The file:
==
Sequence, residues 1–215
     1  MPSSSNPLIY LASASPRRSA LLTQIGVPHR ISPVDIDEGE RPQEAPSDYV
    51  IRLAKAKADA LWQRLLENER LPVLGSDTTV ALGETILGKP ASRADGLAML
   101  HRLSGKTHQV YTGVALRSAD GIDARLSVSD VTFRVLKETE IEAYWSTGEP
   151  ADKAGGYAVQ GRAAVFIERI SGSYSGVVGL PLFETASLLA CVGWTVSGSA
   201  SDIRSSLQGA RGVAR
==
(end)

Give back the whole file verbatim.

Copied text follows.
Sequence, residues 1–215
     1  MPSSSNPLIY LASASPRRSA LLTQIGVPHR ISPVDIDEGE RPQEAPSDYV
    51  IRLAKAKADA LWQRLLENER LPVLGSDTTV ALGETILGKP ASRADGLAML
   101  HRLSGKTHQV YTGVALRSAD GIDARLSVSD VTFRVLKETE IEAYWSTGEP
   151  ADKAGGYAVQ GRAAVFIERI SGSYSGVVGL PLFETASLLA CVGWTVSGSA
   201  SDIRSSLQGA RGVAR